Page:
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Paul, Weiss is widely recognized as having one of the nation’s preeminent securities litigation and regulatory practices. For two decades, our lawyers have guided global corporations and financial institutions through a series of “bet-the-company” securities-related crises, consistently reducing or eliminating their most damaging claims and negotiating favorable resolutions.

Teladoc Defeats Securities Class Action Arising from Disclosures About Membership Growth

Paul, Weiss achieved a significant victory for Teladoc Health, Inc., and several Teladoc directors and officers, when a New York state court judge dismissed a putative securities class action alleging misrepresentations about Teladoc’s membership growth.

In a complaint filed in New York County Supreme Court, a shareholder alleged that the registration statement issued in September 2020 in connection with Teladoc’s $18.5 billion acquisition of Livongo Health was revealed to be materially false and misleading when—five months after it became effective—Teladoc disclosed a disappointing projection of membership growth in 2021. Asserting claims under the Securities Act of 1933, the plaintiff claimed that Teladoc failed to disclose that the 2020 membership growth, which spiked during the pandemic, had “pulled forward” new members from its existing pipeline, leaving Teladoc with a depleted pipeline of potential new members. This registration statement was used to register approximately 60 million shares provided to Livongo shareholders as part of the merger.

This represents the plaintiff’s second complaint stemming from the same allegations. In an earlier lawsuit in Illinois state court, the plaintiff alleged that Teladoc had “admitted” in January 2021 that membership growth prospects were limited, allegedly revealing that membership growth prospects had been inflated in the registration statement. After the Teladoc defendants informed the plaintiff that they intended to dismiss the Illinois action for lack of personal jurisdiction, the plaintiff agreed to dismiss it and refile in New York, but subsequently waited more than a year after the January 2021 disclosure that had purportedly revealed the fraud.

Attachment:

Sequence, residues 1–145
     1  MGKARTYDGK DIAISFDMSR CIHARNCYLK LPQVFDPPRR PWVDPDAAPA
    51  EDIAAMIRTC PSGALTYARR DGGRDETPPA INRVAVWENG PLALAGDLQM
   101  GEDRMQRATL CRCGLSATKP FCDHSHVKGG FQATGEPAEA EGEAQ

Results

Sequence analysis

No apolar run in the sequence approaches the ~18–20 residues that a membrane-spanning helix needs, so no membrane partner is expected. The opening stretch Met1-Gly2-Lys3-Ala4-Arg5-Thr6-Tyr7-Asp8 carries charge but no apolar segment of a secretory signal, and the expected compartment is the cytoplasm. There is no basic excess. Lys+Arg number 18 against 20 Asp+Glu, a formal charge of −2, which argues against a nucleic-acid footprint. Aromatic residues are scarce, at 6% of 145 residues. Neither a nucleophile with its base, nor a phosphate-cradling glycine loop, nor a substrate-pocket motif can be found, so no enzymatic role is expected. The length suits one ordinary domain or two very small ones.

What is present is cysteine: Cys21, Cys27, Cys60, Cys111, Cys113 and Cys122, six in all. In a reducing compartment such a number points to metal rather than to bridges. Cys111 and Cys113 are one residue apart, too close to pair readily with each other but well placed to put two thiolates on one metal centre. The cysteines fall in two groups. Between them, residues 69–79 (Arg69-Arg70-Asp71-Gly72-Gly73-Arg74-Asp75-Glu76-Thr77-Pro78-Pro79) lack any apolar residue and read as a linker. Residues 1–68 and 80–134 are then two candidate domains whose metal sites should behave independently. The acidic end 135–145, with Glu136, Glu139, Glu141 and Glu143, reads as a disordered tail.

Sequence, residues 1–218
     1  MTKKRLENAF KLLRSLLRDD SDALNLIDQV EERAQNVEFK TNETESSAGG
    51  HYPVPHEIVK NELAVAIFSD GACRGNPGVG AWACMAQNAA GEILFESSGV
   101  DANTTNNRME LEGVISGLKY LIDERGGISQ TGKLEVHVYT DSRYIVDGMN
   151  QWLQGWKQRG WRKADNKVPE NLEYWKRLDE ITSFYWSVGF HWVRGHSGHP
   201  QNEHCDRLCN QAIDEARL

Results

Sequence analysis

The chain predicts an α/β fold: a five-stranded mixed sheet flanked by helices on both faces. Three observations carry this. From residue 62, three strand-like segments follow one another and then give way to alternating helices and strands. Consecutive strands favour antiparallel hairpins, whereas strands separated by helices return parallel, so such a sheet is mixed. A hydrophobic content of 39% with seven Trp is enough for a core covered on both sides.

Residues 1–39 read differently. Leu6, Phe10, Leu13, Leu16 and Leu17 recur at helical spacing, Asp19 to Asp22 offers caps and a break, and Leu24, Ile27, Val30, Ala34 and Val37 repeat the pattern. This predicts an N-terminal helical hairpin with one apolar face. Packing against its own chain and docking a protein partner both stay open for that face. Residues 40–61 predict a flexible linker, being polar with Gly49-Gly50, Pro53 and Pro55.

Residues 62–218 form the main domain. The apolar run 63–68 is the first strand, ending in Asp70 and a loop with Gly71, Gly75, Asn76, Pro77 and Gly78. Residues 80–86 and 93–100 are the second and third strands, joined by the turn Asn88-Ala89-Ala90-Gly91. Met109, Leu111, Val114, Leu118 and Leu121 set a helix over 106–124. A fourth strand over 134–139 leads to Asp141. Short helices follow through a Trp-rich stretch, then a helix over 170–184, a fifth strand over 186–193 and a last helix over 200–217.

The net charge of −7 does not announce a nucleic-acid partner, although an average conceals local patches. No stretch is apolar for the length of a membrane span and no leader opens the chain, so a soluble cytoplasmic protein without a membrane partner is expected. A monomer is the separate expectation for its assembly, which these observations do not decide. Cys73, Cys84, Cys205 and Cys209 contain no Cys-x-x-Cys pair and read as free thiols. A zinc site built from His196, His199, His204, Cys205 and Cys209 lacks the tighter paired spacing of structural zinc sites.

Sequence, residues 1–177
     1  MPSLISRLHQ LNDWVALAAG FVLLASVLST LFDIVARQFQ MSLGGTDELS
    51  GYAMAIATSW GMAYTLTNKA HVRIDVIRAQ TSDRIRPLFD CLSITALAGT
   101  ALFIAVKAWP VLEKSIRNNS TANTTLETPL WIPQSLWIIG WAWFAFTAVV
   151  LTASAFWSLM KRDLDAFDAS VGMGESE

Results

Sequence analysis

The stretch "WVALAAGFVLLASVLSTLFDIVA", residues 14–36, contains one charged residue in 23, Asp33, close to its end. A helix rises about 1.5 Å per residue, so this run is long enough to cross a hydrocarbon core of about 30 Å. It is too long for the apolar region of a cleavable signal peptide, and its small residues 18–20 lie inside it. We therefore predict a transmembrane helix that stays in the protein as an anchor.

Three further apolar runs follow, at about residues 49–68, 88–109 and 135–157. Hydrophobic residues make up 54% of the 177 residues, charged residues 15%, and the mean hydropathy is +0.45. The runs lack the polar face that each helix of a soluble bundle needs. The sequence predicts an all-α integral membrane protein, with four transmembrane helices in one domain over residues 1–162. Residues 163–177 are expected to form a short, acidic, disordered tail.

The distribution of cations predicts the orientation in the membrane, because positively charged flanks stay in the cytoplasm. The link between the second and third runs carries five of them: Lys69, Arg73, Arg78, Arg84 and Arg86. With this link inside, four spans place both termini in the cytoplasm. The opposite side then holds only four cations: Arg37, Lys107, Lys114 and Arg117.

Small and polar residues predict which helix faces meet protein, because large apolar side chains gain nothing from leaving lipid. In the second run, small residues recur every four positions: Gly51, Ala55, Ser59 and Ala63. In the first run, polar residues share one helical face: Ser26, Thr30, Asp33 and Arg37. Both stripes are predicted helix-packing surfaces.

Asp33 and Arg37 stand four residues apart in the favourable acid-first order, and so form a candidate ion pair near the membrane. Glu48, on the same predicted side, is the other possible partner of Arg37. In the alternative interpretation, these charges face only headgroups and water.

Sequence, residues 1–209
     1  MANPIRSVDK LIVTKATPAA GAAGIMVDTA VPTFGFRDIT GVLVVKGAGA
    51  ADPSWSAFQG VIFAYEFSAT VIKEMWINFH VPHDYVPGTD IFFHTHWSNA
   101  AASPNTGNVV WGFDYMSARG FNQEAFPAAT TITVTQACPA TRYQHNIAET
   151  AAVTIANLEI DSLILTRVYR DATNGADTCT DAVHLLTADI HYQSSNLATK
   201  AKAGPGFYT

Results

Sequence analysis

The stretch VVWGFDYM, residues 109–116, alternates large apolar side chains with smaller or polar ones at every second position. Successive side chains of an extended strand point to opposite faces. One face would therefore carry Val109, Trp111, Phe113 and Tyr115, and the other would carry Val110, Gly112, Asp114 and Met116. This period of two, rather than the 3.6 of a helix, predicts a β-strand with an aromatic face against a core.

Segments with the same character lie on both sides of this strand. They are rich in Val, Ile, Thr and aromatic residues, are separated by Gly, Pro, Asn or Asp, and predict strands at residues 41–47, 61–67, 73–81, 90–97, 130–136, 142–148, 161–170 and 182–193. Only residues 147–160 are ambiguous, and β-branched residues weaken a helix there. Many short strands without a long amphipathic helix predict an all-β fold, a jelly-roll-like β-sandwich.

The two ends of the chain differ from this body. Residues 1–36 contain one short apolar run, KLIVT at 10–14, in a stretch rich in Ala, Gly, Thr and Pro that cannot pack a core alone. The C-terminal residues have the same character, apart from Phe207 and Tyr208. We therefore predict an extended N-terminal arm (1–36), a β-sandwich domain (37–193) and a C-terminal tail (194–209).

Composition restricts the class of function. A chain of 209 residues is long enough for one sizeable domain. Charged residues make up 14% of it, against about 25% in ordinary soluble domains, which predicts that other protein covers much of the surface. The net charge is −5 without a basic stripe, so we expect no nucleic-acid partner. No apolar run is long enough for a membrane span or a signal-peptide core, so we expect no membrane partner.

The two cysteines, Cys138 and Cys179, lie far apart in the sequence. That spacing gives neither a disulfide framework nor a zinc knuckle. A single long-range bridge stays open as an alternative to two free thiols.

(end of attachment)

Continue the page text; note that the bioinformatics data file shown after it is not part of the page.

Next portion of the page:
In dismissing all claims, New York State Supreme Court Justice Andrew Borrok dismissed the case both under the statute of limitations and for failure to state a cause of action. As to statute of limitations, the judge noted that plaintiff had previously admitted in the Illinois action that the January 2021 disclosure was the first time it learned of the alleged misstatements and omissions in the registration statement. He further held that plaintiff could not evade the one-year statute of limitations by simply omitting that previous Illinois admission from its New York complaint – which instead claimed that February 2021 was the first point at which it learned of the alleged misstatements and omissions. “[A]t best, this is disingenuous and, at worst, unethical,” the judge wrote.

The court also found that the disclosures about membership were not misleading, noting that the alleged misrepresentations included accurate historical data, and a projection about 2021 revenue that the company met. Noting that Teladoc’s total membership did not decline over the relevant period, the court concluded that the plaintiff’s theory—that the registration statement omitted disclosure of the diminished membership pipeline—was not actionable, reasoning that such information would not have been material and did not render statements in the registration statement misleading.

The Paul, Weiss team included litigation partners Daniel Kramer and Audra Soloway, who argued the motion; and counsel Caitlin Grusauskas.

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